Gotham, Goldman Sachs Nab $162M Construction Loan to Advance Lower East Side Project
Partners Gotham Organization, Goldman also committed $70 million in equity to round out the capitalization
The Gotham Organization and Goldman Sachs (GS) Urban Investment Group joint venture that is spearheading the development of a two-building, mixed-use project at 55 Suffolk Street and 64 Norfolk Street in Manhattan’s Lower East Side has nabbed just under $162.4 million in debt from Wells Fargo (WFC) and U.S. Bank to move ahead with construction, Commercial Observer has learned.
Together with the construction debt, the joint venture nearly rounded out what is a $235 million capitalization of the roughly 400,000-square-foot project — deemed Broome Street Development — with a $70 million equity commitment, sources said.
Gotham Organization President of Development Bryan Kelly said in a statement that the “completion of this financing, during one of the most economically challenging years in recent memory, is a testament to the strength” of its partnership with Goldman and the motivations of its team and its partners.
The first phase of the project will see the construction of the 30-story, 378-unit, mixed-use residential tower at 55 Suffolk Street, with the second phase — an adjoining affordable housing development addressed at 64 Norfolk — to follow in the spring of 2021. A quarter of 55 Suffolk’s 378 units will be “permanently affordable homes,” sources said. The development will also include nearly 19,000 square feet of retail space, and it will be anchored by the community service non-profit Chinese-American Planning Council (CPC), which has signed on to make the asset its headquarters, occupying 40,000 square feet.
The New York City Department of Housing Preservation and Development (HPD) has granted more than $3 million per year in 9 percent federal low-income housing tax credits (LIHTC) on the second phase of development at 64 Norfolk Street, which will include a 16-story affordable seniors housing building, and a congregation area and “cultural heritage center” for the Beth Hamedrash Hagadol synagogue.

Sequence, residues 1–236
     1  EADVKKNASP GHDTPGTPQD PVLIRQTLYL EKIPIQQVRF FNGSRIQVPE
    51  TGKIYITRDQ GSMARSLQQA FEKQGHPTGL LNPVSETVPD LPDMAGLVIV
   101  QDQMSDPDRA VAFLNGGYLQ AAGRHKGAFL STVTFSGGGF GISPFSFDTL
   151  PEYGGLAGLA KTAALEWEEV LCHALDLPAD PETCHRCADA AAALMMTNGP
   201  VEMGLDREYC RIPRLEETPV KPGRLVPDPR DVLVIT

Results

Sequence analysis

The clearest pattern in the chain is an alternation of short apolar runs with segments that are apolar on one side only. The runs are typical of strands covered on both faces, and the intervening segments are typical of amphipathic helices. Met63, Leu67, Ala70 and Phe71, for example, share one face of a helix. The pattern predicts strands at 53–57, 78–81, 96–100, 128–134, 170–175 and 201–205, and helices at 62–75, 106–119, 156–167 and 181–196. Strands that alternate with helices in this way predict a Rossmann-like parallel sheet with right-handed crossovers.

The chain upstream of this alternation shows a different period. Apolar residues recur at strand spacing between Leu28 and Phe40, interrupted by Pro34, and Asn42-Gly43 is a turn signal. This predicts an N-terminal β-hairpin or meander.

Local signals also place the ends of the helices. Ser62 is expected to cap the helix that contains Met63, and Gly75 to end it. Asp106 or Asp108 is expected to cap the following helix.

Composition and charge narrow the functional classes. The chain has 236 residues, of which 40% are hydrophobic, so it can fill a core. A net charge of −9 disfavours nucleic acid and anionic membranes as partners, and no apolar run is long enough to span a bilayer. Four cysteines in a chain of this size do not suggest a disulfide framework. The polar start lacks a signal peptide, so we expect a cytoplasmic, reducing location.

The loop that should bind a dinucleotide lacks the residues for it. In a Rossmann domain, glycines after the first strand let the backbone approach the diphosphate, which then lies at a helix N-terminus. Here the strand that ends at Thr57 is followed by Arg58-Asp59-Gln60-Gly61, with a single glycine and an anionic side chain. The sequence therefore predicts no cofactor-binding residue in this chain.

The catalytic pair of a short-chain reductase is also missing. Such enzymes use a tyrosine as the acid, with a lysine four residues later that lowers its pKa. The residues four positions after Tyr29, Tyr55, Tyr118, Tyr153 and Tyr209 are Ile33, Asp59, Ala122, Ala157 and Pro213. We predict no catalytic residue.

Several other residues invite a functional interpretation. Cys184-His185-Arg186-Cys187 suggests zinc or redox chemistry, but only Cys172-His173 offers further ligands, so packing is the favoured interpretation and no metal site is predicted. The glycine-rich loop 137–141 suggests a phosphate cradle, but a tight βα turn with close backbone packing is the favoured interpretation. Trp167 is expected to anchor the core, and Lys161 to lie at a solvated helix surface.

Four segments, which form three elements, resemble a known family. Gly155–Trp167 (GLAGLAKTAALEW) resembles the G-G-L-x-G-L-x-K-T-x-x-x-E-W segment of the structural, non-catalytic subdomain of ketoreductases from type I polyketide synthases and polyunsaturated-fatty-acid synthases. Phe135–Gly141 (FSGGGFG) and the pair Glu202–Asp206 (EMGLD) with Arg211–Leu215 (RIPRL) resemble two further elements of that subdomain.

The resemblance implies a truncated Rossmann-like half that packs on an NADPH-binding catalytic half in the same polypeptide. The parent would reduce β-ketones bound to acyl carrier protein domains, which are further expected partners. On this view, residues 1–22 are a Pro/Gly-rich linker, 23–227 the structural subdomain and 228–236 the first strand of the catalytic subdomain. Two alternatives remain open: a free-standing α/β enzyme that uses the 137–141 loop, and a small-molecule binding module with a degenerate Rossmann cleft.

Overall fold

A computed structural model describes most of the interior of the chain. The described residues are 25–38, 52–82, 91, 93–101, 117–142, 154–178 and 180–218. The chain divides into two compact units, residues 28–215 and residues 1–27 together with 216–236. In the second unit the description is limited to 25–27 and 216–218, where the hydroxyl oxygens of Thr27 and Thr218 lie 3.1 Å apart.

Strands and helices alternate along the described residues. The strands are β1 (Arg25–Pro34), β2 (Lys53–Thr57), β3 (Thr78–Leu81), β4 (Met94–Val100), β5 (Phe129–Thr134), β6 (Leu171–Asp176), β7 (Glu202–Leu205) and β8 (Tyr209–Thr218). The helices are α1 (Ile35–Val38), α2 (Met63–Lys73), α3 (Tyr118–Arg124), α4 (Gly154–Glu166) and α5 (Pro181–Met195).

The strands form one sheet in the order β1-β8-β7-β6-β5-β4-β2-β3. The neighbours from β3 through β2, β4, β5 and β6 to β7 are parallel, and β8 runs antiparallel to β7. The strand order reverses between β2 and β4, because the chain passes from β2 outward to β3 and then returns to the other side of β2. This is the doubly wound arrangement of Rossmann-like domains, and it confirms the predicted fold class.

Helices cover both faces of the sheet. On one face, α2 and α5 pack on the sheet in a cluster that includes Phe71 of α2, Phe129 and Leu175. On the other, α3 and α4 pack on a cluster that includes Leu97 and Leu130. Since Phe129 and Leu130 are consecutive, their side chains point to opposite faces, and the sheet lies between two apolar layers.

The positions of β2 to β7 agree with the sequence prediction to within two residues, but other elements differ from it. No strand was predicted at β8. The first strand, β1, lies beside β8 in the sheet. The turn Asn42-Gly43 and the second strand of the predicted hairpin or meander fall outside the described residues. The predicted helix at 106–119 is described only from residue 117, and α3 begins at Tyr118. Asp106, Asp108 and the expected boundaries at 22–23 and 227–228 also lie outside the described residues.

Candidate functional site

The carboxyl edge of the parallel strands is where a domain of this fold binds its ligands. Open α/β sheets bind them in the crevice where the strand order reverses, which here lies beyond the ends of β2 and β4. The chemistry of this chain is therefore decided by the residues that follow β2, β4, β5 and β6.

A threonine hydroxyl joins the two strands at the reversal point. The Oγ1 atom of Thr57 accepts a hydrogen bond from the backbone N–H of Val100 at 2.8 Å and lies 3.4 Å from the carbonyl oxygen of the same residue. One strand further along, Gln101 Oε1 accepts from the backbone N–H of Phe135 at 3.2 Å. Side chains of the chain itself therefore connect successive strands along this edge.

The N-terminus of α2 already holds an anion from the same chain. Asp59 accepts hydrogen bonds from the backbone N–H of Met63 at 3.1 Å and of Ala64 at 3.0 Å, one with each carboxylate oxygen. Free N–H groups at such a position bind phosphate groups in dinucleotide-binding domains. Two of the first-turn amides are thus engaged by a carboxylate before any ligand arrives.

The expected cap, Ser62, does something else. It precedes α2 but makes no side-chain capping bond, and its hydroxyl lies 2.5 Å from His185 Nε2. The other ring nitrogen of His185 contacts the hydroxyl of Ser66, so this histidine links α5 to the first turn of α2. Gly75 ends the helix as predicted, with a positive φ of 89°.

CPC has served the Lower East Side for 50 years, according to the organization’s President and CEO, Wayne Ho, who added in a statement that the project will give the company “the opportunity to continue being a community anchor as we work to promote the social and economic empowerment of Asian American, immigrant, and low-income communities of New York City.” CPC is the largest non-profit in the country servicing Asian Americans, and it has been in partnership with the Gotham Organization since 2016, sources said.
Altogether, the project — designed by Dattner Architects — will deliver nearly 500 fresh rental units, including 209 permanently affordable units and 115 affordable senior housing units, to the Lower East Side. The development will neighbor Essex Crossing, an expansive, six-acre, mixed-use development from an ownership partnership among several well-known New York developers and investors, including Taconic Investment Partners and L+M Development Partners.
In May, the Broome Street Development partners were able to lock in a needed zoning change for the project, which, as it was initially proposed, would’ve been too large to fit under the previous code that existed.
Margaret Anadu, a managing director and head of Goldman Sachs Urban Investment Group, in a statement, highlighted the importance of public- and private-sector collaboration and community engagement in ensuring that, for years, “this vibrant neighborhood remains a place of opportunity.”